Unbelievably, four weeks after my second surgery, there’s still no pathology report. Through October I call and call the surgeon’s office. This is American HMO bureaucracy. The Germans had it the next day. It took me longer to translate it than them to do it.
I am standing, nibbling bites of lunch, about to leave for campus.
The phone rings and the nurse starts talking in a roundabout way. “I finally called the chief pathologist and told him we simply had to have the report now, so he went in yesterday evening and did it. There were dozens of slides, almost all showing no cancer. But there was one place, in a tissue around the colon called the omentum, where there was a growth of live cells, about the size of your thumbnail. But, she hastens to add, “The omentum is gone now—it was part of what Dr. K. removed. It’s a fatty tissue that catches and holds things around the colon, so we hope that maybe, early on, it caught something floating, and so the cancer was only there. But we don’t know that. You need to get three opinions from medical oncologists on what to do next.”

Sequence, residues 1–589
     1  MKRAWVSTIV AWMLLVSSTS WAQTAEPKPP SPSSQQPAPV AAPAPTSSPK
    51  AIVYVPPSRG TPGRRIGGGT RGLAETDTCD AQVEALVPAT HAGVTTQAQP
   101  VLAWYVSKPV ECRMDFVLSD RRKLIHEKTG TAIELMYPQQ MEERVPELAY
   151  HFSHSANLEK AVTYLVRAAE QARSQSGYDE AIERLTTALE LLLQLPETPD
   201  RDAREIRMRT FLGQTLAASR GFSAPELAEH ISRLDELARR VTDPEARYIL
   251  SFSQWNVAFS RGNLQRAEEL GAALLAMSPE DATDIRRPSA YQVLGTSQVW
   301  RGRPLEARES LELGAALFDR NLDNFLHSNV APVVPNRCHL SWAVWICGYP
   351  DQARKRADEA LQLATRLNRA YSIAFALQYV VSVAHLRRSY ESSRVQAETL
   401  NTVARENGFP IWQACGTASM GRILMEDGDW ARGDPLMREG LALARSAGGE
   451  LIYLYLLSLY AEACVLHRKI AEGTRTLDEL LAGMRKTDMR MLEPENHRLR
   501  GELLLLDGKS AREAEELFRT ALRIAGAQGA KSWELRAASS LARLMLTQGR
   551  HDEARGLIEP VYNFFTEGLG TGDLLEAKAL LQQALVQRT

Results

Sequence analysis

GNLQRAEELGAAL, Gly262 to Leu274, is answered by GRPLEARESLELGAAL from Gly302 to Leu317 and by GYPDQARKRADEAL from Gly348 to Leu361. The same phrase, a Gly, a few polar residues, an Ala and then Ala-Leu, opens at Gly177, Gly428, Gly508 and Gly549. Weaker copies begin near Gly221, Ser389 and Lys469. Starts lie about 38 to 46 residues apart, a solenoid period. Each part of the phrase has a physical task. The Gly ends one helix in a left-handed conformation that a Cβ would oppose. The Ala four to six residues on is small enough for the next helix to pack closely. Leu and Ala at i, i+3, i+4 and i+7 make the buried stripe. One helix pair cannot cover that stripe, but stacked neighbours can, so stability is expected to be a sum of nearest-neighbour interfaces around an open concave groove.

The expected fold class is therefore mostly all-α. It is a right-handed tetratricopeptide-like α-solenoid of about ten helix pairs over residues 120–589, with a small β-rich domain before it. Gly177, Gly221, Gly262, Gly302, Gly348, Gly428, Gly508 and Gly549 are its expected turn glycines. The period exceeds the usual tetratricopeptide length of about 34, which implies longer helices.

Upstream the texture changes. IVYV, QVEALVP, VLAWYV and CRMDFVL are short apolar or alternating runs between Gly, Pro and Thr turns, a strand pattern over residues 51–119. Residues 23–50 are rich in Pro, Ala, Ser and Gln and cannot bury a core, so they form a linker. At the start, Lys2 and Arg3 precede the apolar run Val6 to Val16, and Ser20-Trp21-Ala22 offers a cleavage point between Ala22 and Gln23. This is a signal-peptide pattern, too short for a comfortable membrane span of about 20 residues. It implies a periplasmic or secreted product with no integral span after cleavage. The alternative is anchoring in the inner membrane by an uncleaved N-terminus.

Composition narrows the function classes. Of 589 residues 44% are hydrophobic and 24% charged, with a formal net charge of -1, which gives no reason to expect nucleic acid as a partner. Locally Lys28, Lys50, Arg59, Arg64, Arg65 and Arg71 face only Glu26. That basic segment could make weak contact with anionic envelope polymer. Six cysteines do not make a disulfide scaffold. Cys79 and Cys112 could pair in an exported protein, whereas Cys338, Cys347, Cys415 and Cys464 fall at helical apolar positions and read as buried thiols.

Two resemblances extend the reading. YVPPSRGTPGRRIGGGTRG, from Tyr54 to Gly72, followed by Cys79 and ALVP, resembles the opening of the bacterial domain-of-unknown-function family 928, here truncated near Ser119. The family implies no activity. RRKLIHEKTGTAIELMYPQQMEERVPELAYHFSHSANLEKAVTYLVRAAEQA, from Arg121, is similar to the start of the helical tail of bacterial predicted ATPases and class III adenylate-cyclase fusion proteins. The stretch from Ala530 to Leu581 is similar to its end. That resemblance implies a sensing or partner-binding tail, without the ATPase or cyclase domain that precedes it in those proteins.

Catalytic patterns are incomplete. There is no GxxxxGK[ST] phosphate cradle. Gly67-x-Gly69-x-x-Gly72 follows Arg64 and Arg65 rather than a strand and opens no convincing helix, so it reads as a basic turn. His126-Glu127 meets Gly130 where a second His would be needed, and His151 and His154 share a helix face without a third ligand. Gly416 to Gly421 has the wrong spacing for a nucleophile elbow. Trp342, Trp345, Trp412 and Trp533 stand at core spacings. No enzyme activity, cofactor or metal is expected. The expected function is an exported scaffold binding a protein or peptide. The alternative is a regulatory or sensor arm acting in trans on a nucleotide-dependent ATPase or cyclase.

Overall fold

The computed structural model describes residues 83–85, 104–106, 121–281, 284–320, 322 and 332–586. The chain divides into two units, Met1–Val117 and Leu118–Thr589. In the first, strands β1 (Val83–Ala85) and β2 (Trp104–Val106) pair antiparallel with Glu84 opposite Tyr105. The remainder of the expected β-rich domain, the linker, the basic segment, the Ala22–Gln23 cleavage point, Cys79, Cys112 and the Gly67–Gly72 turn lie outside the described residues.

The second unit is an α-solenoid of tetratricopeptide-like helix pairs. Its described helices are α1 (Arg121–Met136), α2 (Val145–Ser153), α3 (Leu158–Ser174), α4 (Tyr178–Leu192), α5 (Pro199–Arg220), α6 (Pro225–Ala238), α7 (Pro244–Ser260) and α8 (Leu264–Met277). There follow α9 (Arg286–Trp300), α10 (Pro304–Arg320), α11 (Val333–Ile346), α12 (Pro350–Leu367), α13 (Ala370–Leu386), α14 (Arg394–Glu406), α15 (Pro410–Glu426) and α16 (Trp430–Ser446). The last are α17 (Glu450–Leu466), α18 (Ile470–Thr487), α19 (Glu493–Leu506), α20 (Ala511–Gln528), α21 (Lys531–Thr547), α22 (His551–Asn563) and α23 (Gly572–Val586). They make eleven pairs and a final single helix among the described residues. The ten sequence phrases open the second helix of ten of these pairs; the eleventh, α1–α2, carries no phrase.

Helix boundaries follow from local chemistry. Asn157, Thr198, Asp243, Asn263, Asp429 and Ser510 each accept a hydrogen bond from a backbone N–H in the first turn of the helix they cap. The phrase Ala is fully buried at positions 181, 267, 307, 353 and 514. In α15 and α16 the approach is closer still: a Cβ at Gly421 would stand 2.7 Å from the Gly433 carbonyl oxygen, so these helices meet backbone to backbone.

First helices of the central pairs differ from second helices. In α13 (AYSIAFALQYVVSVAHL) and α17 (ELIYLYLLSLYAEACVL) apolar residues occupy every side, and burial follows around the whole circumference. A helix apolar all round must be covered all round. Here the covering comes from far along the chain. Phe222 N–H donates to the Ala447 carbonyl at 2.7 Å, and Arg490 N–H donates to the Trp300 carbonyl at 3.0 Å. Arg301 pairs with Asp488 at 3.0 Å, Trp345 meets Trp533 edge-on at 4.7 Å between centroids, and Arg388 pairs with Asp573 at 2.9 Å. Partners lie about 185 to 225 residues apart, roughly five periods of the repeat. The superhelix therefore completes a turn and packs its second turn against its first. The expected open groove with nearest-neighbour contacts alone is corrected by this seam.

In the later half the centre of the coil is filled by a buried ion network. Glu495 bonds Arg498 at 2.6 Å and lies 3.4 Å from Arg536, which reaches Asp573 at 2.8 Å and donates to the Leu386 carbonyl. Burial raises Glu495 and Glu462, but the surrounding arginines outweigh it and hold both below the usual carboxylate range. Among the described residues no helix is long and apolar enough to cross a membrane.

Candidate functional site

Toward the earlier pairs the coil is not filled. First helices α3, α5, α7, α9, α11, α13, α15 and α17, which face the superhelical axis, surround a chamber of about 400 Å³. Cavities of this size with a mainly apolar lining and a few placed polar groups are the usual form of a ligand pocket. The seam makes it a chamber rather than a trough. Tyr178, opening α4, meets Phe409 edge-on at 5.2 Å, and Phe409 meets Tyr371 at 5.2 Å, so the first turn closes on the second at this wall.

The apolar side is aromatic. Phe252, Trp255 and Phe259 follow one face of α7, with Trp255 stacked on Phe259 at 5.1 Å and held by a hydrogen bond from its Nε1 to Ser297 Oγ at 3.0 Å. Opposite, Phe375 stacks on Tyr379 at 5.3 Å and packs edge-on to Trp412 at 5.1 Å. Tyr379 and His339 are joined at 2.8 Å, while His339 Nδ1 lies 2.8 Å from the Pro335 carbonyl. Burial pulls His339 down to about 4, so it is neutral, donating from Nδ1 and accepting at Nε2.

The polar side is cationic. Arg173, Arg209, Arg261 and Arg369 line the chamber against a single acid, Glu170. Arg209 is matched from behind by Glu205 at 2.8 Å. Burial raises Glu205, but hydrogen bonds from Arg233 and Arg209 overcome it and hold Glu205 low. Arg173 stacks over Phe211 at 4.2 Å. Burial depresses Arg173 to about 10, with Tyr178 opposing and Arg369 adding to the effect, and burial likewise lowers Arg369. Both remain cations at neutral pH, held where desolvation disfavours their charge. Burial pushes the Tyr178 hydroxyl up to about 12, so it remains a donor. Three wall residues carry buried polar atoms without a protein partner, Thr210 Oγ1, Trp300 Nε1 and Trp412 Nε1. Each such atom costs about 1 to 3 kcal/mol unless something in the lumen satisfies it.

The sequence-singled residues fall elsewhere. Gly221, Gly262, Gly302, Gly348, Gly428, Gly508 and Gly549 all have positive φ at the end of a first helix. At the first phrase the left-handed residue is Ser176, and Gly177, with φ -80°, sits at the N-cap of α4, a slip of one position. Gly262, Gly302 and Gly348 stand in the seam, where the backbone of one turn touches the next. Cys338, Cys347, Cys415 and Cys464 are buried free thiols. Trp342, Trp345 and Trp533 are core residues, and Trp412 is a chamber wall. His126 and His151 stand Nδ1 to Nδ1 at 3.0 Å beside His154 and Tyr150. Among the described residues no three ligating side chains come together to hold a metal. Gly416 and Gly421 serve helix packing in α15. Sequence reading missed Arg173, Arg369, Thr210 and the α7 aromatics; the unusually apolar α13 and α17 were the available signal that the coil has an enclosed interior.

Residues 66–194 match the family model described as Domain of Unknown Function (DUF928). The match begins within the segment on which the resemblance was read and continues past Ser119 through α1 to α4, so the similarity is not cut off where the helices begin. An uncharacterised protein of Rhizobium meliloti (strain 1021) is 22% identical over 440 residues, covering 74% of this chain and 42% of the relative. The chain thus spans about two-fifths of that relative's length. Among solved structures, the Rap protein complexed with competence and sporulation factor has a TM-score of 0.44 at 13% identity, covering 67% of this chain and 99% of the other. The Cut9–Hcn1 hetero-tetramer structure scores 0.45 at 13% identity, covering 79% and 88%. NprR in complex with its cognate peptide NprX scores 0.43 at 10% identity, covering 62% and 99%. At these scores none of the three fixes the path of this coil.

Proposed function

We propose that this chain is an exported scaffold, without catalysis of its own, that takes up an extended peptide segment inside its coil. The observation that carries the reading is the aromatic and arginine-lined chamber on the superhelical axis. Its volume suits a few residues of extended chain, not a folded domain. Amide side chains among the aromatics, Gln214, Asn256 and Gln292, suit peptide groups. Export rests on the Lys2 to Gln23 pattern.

She stops. I’m silent. “Is anyone with you?”
“No,” I say. “No one is here. Thanks. I have to go teach a class now.”
November – Driving To Seattle For Radiation: A Ballad Of The Cascades
Daughters, my undeserved bounty, each
Open-eyed with blessing,
Open-mouthed with questioning,
You swam slowly, one by one, into my body and mind.
Now on wet cliffs I see your faces
Lovely ones, the first with an artist’s blue almond eyes set apart,
The next, with impish grin keen under gray-eyed thought,
The last with rose-shaped lips and bouncing hair,
All pouncing affection, irrefragable.
To the whine of snow tires.
You carry my mind in three-part song
Of rise and fall
Sing to me
Sing a new song
Falling free as the pane of snow-melt
Down a sheen of gray rock in amber sun.
Dark fir needles
Sing to me
Of the woman
I yet may be, sing a new song while I twist